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The State University of New York system voted Wednesday to remove questions about criminal history from applications to its schools, Syracuse.com reported.
The vote by the largest public university system in the US – with nearly half a million enrolled students – follows a push to “ban the box” at colleges and universities across the nation.
SUNY cited a study that found that while about 3,000 of its applicants answer “yes” on questions about felony convictions, only about 1,200 go on to complete applications, according to Syracuse.com.
In May, the Department of Education urged colleges and universities to remove questions about criminal history from applications.
The recommendation, described in the new report “Beyond the Box: Increasing Access to Higher Education for Justice-Involved Individuals,” says colleges should remove the barriers to higher education for the “estimated 70 million citizens with criminal records.”
“We believe in second chances and we believe in fairness,” Secretary of Education John King Jr. said at a press conference, according to a release from the White House. “The college admissions process shouldn’t serve as a roadblock to opportunity but should serve as a gateway to unlocking untapped potential of students.”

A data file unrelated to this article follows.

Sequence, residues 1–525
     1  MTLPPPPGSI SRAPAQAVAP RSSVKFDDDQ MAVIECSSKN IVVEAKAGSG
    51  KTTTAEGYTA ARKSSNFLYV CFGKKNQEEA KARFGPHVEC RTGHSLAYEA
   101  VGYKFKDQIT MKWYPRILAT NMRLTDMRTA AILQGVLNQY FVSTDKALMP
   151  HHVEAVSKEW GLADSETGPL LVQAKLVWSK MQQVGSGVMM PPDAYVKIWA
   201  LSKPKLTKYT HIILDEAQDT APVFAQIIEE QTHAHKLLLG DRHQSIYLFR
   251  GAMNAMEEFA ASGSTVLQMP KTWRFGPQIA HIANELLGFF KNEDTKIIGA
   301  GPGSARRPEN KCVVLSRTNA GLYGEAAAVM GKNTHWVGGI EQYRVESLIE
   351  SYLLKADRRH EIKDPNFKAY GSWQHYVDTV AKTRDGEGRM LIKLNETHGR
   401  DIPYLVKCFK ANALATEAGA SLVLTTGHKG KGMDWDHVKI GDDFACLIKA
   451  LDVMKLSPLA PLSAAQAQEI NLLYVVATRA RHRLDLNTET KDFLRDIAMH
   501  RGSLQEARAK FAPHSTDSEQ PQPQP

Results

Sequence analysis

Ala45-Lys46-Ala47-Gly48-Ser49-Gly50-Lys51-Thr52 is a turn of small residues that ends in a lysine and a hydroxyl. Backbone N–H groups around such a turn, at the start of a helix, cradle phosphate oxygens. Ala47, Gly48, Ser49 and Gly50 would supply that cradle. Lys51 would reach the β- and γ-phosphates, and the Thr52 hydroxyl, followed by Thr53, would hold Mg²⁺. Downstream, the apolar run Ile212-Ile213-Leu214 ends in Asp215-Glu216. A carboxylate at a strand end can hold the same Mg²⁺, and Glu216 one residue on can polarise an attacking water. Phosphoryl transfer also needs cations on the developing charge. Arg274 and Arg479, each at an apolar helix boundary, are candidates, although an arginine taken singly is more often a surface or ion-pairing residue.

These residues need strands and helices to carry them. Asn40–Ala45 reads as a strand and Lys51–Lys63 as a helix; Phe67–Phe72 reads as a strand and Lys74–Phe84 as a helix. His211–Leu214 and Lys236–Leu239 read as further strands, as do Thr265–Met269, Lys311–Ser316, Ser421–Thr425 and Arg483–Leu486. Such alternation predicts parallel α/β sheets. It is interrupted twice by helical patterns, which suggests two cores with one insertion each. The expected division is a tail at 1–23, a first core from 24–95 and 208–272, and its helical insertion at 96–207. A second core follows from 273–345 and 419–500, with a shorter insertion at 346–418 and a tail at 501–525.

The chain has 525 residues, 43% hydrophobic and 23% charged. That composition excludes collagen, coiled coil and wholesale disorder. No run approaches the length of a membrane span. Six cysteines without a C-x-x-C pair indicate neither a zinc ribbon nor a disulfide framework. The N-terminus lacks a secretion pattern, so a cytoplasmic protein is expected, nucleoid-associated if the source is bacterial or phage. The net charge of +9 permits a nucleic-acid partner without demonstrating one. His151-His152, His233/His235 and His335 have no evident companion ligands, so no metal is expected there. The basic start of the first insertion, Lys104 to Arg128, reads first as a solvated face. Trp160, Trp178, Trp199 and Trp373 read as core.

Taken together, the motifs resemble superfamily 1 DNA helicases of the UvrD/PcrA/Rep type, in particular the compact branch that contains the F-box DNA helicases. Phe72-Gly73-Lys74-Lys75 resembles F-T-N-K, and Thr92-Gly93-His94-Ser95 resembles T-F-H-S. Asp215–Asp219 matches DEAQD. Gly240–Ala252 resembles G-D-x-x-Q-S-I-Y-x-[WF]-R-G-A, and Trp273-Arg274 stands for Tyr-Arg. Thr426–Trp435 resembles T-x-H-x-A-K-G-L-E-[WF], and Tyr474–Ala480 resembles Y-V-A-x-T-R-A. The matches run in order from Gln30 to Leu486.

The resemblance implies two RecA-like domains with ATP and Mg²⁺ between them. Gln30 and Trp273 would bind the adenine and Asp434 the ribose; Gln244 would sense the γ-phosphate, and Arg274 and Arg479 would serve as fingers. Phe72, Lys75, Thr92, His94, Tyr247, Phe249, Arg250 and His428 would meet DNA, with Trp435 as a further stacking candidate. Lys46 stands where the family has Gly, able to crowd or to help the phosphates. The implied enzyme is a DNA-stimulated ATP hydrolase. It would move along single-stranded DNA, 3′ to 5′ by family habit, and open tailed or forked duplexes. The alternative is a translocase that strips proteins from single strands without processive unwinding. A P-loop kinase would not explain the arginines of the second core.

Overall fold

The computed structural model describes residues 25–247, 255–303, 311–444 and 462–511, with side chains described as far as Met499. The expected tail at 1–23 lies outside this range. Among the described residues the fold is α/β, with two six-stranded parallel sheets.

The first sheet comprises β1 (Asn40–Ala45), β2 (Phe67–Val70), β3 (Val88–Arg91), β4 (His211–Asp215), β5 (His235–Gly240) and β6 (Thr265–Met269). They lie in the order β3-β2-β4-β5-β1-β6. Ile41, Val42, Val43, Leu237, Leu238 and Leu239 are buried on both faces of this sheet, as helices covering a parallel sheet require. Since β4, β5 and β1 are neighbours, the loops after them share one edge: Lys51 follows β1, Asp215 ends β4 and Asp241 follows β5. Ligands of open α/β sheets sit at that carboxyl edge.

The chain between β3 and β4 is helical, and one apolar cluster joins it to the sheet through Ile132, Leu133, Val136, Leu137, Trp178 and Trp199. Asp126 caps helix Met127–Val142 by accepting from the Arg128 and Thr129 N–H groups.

In unveiling the report, the Department of Education referred to a 2015 Center for Community Alternatives study that found that 63% of college applicants with felony convictions begin applications but do not finish them. Those numbers closely align with the findings at SUNY. Among all applicants, however, only 21% of applications go unfinished.
While 35% of colleges in a recent survey, highlighted by The Atlantic’s Juleyka Lantigua-Williams, acknowledged they had denied applicants because of their criminal history, experts argue that the questions themselves could intimidate and deter applicants from even completing the process.
Vivian Nixon, executive director of College and Community Fellowship, which helps formerly incarcerated women attain higher education, spoke of the damaging effect questions asking about criminal history could have on applicants.
“There’s a chilling effect for many students,” Nixon told Lantigua-Williams. “They interpret the questions as, ‘I’m not going to get in because I have a felony.'”
Though the US contains just 5% of the world’s population, the country accounts for 20% of the global incarcerations – the highest percentage in the world, according to the American Civil Liberties Union.
Prison incarceration also disproportionately affects men of color; one in three black men can expect to go to prison in his lifetime, according to a report from the Sentencing Project.